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Cinema/TV, Film Notes

FrightFest review – Huesera

My notes on Huesera

La Huesera (the Bone Woman) isn’t as well-known a Mexican spook as la llorona (the Crying Woman), which may be why a significant scene includes a clip from La Llorona (1960) rather than any previous screen incarnation of this very distinctive, disturbing apparition.  Director Michelle Garza Cervera, who also co-scripted with Abia Castillo, uses the supernatural to tell a story about a woman’s ambiguous attitude to her own pregnancy and a bot of vicious post-natal depression – most pregnancy horror films, including Rosemary’s Baby and It’s Alive, spotlight the fear that there might be something wrong with the baby, but this is all about how there might be something wrong with an expectant mum, and even dares to break a taboo (especially strong in Mexico, as a few asides about Mother’s Day celebrations hint) to suggest that the whole business of having babies might primarily be about ruining womens’ lives (not to mention mental and physical health).

Valeria (Natalia Solián) seems to be willing to go to any lengths – including a Catholic ritual and mediocre sex followed by that legs-up-in-the-air conception trick – to have a baby to complete the perfect picture of her relatively upscale life with ad exec Raúl (Alfonso Dosal), though it means turning the workshop where she crafts hand-made furniture into a nursery.  Valeria’s mother-in-law high-handedly wants to buy a chintzy crib with plastic unicorns though she’s already started to make a more distinctive, personal crib herself – and Valeria’s side of the family is even worse, with a bitterly resentful single Mom sister (Sonia Couoh) and horribly judgemental mom Maricarmen (Aida López) missing no opportunity to needle her or put her down.  As she puts away a stash of goth gear (including a guitar), Valeria remembers her rebel youth days – when she was a crop-haired, dyed-blonde lesbian (Gabriele Velarde) but changed her life track to suit her family in the wake of the death of a barely-mentioned brother.  In a succession of excruciating microaggressions, everyone around Valeria – including her ex-girlfriend Octavia (Mayra Batalla), who still dreams of heading off for the mountains and has a significant copy of the Uzumaki manga on her bookshelves – makes things worse for her, belittling her every impulse or attempt at self-expression, blithely assuming that she is prepared to give up everything from smoking to sex to a habit of cracking her knuckles to rock music to carpentry just to have a fucking baby.

Presented credibly but with enough archness to suggest Valeria’s subjective viewpoint, this would be enough to support a movie, but Cervera also has her heroine haunted by La Huesera … who manifests startlingly early on in Valeria’s pregnancy, broken-legged and crawling like a spectre from a James Wan movie, and turns up in more and more bizarre, mocking, triumphant and dangerous forms throughout.  Every attempt Valeria makes to fulfil expectations is thwarted as la Huesera appears and brings about disasters, for which Valeria is blamed – be it a nightmarish evening babysitting her truly horrible niece and nephew, or a dinner with someone important to her husband’s work which drives her to a near breakdown and possible arson.  The one person Valeria can count on is her aunt Isabel (Mercedes Hernández), sneered at as a spinster by the family, who is a connection to a coven of female healers and witches, though she bears the scars of a ritual that rid her of a malign presence at great cost – adding a major question to the film about what exactly Valeria is prepared to sacrifice, after she’s given up so much already, to be free of La Huesera.  The screws tighten throughout, and even after Valeria’s child is born the bone woman – who is also a doppelganger – continues to persecute Valeria, or perhaps to terrorise her into accepting that she needs to do something for herself.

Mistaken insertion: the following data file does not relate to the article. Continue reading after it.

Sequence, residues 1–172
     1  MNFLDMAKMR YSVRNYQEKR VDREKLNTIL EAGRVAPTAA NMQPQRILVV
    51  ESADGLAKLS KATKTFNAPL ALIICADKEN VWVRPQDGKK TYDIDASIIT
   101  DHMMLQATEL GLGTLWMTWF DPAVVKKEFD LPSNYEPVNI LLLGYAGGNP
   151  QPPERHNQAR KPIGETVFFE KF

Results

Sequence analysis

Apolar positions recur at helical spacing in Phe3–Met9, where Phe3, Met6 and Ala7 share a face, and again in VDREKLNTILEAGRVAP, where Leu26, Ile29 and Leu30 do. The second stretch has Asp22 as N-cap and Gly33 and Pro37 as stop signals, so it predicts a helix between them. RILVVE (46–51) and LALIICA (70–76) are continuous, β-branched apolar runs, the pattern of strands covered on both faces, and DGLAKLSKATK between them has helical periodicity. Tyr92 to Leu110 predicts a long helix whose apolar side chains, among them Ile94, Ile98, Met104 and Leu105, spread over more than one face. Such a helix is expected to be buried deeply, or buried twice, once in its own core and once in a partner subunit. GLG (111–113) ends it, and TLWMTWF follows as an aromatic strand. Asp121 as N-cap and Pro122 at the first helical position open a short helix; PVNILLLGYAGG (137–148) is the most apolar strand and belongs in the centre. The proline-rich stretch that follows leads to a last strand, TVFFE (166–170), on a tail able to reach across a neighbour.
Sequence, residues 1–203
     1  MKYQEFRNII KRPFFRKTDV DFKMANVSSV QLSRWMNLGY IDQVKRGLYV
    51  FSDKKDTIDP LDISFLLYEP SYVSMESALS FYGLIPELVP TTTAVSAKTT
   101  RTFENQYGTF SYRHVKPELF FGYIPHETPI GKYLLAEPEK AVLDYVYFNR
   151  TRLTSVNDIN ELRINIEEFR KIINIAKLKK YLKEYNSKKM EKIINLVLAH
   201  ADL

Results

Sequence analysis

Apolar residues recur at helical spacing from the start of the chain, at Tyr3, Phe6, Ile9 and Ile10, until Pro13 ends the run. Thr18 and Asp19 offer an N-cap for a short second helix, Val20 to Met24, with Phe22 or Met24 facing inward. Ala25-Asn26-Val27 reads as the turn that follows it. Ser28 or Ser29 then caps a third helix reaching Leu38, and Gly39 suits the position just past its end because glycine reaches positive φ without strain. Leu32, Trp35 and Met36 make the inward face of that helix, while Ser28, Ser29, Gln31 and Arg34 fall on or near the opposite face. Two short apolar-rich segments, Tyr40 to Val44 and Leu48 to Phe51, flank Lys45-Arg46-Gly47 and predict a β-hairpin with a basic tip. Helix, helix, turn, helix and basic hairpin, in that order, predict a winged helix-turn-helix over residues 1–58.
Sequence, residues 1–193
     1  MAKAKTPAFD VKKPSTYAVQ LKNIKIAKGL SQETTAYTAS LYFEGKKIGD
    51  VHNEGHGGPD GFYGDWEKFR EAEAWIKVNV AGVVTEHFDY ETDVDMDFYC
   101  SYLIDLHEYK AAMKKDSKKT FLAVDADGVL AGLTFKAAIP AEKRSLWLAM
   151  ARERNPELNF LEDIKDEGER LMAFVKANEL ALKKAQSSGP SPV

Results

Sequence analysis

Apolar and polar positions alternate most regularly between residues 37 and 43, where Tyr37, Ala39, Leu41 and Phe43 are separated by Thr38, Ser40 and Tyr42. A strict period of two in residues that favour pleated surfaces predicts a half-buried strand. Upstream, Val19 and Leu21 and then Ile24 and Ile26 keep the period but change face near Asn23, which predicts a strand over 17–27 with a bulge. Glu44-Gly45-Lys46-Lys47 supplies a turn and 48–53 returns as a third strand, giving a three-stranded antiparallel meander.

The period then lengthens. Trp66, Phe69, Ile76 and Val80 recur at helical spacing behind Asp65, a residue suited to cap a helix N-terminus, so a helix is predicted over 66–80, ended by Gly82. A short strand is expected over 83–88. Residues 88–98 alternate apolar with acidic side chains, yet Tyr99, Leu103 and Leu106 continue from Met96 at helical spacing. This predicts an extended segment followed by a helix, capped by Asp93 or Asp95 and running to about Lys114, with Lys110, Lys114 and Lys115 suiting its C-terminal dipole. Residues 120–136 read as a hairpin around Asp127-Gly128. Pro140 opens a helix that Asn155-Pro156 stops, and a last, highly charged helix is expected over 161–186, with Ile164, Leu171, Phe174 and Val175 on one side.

Like several other films in FrightFest this year (Cerdida/Piggy is one), Huesera is about what society demands of women – that they be unselfish and act against their own individual instincts for the benefit of everyone else – and the catharsis or cataclysm that looms if a woman dares not to go along with the program.  It’s also a richly-made film, genuinely terrifying, and defiantly imaginative.  Solián’s physical and emotional contortions are powerful – she gives a performance that ought to earn awards nominations.

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